Please tell us a little bit about yourself.
I grew up playing soccer since I was four years old and I still play just for fun – OWSL Women’s for UMSC. For the past 3 years I have been competitively Olympic Weightlifting and train about 5 days a week. I got into weightlifting via CrossFit. I found CrossFit around 9 years ago after wanting to get fit when I came back home from school. As a career, I chose physical therapy and I have been doing that for the past 3 years. Originally when I graduated High School I chose Kinesiology because doing sports for marks sounded like a really cool idea. After post-grad, I wasn’t 100% sure what I really wanted to do. I have a special needs sister and I grew up watching her do a lot of Physio. With a combination of that with a sports background, it seemed like a natural choice for me. As I went through school and started working, it affirmed my belief that it is the right career choice for me. I get to incorporate what I like to do as a hobby and work it into my career.
What advice do you have for parents, coaches, and/or sport administrators to improve inclusion in sport?
It’s important to teach your kids not to judge a book by its cover, and to remember that kids lead by example. If you’re setting a good example and you do not judge others who may look different than you, then kids will follow suit. If they have been open to more experiences and seeing people of different backgrounds, that’s not going to be new for them when they come into the sports world either, so it will be normalized.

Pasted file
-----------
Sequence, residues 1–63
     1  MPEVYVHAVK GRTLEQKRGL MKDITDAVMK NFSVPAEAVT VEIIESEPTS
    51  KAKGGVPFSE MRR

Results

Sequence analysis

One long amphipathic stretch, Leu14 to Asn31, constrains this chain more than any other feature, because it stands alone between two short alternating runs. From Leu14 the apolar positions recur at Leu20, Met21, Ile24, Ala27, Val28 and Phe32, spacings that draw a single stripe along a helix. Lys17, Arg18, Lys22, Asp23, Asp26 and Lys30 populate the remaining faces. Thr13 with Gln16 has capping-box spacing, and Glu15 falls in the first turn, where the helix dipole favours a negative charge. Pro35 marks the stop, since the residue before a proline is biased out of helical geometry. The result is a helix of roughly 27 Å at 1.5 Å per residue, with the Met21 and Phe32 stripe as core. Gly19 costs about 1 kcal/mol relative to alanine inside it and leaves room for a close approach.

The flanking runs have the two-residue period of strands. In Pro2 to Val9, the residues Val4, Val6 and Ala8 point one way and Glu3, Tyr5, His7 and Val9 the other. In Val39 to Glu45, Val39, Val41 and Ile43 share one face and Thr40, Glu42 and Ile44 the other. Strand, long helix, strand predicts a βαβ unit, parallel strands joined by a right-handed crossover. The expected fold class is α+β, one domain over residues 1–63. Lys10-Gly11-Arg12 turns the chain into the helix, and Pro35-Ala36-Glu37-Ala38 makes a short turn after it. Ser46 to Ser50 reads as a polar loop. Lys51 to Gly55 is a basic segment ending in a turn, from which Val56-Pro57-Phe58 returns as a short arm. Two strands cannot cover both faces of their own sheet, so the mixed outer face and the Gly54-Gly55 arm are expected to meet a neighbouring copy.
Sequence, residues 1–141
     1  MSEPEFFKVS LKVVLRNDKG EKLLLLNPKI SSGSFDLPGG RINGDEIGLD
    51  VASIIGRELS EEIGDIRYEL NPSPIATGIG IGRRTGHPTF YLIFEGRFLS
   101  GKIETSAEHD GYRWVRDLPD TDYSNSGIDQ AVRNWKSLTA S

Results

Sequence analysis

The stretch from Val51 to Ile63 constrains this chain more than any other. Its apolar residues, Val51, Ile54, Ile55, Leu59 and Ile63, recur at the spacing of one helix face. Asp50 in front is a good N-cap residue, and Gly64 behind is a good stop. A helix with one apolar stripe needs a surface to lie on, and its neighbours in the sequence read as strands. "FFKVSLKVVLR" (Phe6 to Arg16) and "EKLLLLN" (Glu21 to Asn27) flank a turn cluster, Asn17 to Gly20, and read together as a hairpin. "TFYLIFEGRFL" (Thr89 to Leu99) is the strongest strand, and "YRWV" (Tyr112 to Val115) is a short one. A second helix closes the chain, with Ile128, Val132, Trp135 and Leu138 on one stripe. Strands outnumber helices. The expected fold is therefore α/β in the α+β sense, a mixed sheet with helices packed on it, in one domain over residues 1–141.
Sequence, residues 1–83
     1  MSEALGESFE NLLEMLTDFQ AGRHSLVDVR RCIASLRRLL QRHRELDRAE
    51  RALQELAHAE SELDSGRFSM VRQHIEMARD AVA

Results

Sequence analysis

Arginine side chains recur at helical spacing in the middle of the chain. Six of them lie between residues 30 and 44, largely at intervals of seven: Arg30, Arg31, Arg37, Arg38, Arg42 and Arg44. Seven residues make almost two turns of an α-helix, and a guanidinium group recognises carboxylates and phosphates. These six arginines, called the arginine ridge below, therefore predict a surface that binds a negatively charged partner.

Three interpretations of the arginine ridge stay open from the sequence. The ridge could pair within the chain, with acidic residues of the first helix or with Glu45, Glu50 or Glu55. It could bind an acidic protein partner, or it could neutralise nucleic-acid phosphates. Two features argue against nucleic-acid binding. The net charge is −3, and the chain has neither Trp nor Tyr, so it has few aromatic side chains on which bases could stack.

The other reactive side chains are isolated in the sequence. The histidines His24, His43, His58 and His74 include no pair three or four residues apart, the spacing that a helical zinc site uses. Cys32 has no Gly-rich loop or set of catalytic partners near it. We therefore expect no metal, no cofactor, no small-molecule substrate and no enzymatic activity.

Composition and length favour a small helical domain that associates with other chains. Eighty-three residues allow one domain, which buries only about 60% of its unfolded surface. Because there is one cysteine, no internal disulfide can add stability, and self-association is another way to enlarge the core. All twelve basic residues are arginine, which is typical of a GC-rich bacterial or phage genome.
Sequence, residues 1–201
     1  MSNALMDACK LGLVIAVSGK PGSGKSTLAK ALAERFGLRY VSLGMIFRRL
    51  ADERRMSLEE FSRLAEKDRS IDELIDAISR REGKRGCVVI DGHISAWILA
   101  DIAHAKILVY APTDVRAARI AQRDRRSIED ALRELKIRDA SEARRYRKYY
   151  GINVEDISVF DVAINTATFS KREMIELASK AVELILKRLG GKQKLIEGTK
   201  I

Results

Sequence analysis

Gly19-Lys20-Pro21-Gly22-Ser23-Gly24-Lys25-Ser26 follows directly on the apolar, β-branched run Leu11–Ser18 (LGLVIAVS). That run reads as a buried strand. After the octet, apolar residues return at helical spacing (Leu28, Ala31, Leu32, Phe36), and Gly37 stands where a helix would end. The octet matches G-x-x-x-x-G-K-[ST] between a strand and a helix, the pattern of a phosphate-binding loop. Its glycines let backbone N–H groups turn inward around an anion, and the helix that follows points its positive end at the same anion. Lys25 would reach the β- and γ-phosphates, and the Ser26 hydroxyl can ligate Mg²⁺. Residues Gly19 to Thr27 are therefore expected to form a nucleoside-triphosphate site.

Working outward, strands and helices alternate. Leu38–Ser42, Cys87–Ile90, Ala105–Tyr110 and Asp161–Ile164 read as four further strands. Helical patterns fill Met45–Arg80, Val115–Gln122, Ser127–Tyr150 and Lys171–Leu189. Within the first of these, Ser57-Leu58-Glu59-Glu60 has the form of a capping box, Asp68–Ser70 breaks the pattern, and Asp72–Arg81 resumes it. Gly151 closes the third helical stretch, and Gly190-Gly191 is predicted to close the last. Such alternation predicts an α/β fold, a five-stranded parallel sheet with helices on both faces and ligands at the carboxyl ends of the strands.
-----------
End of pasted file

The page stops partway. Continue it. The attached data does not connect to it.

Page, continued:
What lessons did you learn in sport that can be applied to your career?
Just like sport, some things are not going to come naturally to you, and that is true in work as well, especially when you’re new. They mirror each other a lot. When you start off in a sport, there is always a learning curve. There will be parts in your sport career and in your
professional career where you are going to feel like you don’t know what you’re doing. But everyone’s been there before, and what’s important is how you take the lessons and failures, and flip them and turn them into learning experiences and grow from those experiences. It’s the same whether it be a new sport that you’re trying to learn or a new career that you just started.
How has sport contributed to the person you are today?
Definitely through the people that I have surrounded myself with in life. Like-minded individuals flock to like-minded individuals. A lot of my close friends are from team sports that I played. My work environment is also people that I’ve played sports with. I think that it’s important to be in an environment that is similar to your beliefs and your values. People always talk about how you want to surround yourself with people that you look up to and you want to emulate. I try to put the best environment out there possible and surround myself with really good people because I think, then, good things will follow.
5 words that best describe me are: